The Plenum of the Supreme Court of the Russian Federation adopted the Resolution* “On some issues of the application of the general provisions of the Civil Code of the Russian Federation on the conclusion and interpretation of contracts”.

The Resolution deals with problematic issues related to the enforcement of representations and warranties, as well as the conclusion and interpretation of general and specific contracts (i.e. public, framework, preliminary and subscriber contracts).

Many of the legal positions expressed in the Resolution have already been stated in previous resolutions of the Supreme Court and the Supreme Commercial Court of the Russian Federation. The Resolution, however, is valuable because it categorises the most important explanations in the field of contract law. Addressed to commercial courts and courts of general jurisdiction, the Resolution should contribute to uniform court practice both in cases involving legal entities and individuals.

Representations and warranties

For the first time, the Supreme Court clarified representations and warranties (zavereniya ob obstoyatelstvakh).

The Supreme Court divided the consequences of inaccurate representations and warranties by whether they relate directly to the subject matter of the contract (e.g. the quality of the goods) or not (e.g. having the necessary licences). In the first case, a party to a contract is entitled to require both special remedies provided for certain types of contracts (e.g. the consequences of supplying a defective product) and the application of the consequences of inaccurate representations and warranties. On the other hand, if the representations and warranties do not relate to the subject matter of the contract, then the injured party is entitled to use only those remedies provided in connection with the inaccurate representations and warranties. For example, a party can file a claim for the recovery of damages or penalties, if the latter are provided for in the contract.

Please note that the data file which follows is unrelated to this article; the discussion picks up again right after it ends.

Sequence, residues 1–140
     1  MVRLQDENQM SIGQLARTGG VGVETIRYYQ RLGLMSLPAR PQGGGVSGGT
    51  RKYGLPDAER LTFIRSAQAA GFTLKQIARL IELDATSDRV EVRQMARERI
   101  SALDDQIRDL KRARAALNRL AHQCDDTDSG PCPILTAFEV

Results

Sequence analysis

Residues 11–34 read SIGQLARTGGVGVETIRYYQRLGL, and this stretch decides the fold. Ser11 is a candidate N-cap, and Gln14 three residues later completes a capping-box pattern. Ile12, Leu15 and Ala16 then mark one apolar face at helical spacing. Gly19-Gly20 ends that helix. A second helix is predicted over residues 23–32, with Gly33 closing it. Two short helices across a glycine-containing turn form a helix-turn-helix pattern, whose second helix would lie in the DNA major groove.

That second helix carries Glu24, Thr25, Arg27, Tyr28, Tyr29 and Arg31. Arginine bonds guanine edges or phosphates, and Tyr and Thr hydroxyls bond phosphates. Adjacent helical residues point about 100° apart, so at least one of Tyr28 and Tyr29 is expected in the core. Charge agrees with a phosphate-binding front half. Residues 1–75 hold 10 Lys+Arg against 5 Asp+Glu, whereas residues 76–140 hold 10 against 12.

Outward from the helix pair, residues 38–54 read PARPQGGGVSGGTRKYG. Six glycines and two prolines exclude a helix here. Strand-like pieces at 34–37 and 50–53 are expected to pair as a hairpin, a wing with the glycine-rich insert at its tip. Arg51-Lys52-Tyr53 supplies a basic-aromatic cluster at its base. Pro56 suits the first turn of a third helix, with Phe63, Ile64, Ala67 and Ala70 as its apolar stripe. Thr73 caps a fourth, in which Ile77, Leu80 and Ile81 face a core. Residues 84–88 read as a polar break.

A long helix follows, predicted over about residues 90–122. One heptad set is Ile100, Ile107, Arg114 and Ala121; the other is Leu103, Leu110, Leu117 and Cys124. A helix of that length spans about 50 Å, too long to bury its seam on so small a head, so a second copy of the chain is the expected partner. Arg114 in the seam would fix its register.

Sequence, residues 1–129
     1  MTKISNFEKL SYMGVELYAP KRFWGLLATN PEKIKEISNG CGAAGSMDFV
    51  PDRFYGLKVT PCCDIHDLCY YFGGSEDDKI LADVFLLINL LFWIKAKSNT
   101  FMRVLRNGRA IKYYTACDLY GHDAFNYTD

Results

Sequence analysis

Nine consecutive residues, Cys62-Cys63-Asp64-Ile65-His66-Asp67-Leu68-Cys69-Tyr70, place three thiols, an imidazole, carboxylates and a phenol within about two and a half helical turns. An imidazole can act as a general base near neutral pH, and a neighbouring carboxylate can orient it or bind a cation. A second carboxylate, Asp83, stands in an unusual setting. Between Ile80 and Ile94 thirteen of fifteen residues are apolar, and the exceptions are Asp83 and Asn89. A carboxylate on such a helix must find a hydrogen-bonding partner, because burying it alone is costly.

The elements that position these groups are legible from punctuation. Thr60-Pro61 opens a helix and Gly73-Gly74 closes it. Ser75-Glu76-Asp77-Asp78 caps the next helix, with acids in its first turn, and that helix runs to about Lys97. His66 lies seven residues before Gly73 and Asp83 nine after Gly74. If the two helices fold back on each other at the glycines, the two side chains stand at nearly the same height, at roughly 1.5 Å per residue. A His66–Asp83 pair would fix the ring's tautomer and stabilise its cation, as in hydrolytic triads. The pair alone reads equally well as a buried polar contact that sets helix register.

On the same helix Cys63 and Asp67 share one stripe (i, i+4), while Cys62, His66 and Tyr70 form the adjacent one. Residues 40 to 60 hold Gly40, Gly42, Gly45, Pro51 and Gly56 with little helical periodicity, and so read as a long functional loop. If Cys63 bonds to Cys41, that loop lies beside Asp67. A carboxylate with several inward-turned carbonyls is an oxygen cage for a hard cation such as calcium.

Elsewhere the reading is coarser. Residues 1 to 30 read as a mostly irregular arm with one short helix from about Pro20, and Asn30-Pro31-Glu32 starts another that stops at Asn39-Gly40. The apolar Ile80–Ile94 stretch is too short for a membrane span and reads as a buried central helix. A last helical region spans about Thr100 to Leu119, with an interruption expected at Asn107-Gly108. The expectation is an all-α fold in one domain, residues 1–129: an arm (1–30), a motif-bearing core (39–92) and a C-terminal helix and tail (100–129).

Representations and warranties can be made directly not only by the parties, but also by third parties if they have a legitimate interest in the contract. At the same time, the Supreme Court noted that any third party has such an interest until proven otherwise.

If a party has deliberately provided inaccurate representations and warranties, then it cannot argue that the other party was negligent or could have checked whether the representations and warranties were true (e.g. by requesting information from publicly available registers, such as the Unified State Register of Legal Entities, the Unified State Register of Immovable Property). This position of the Supreme Court is important for disputes over the conclusion of insurance contracts.

Communication of acceptance

The Supreme Court explained under what conditions acceptance of a contractual offer remains complete and unconditional and is recognised as acceptance, despite the fact that it changes the terms of the offer. Hence, it is permissible to clarify the details of the parties and correct typographical errors, provided that such changes do not directly affect the content of any contract terms.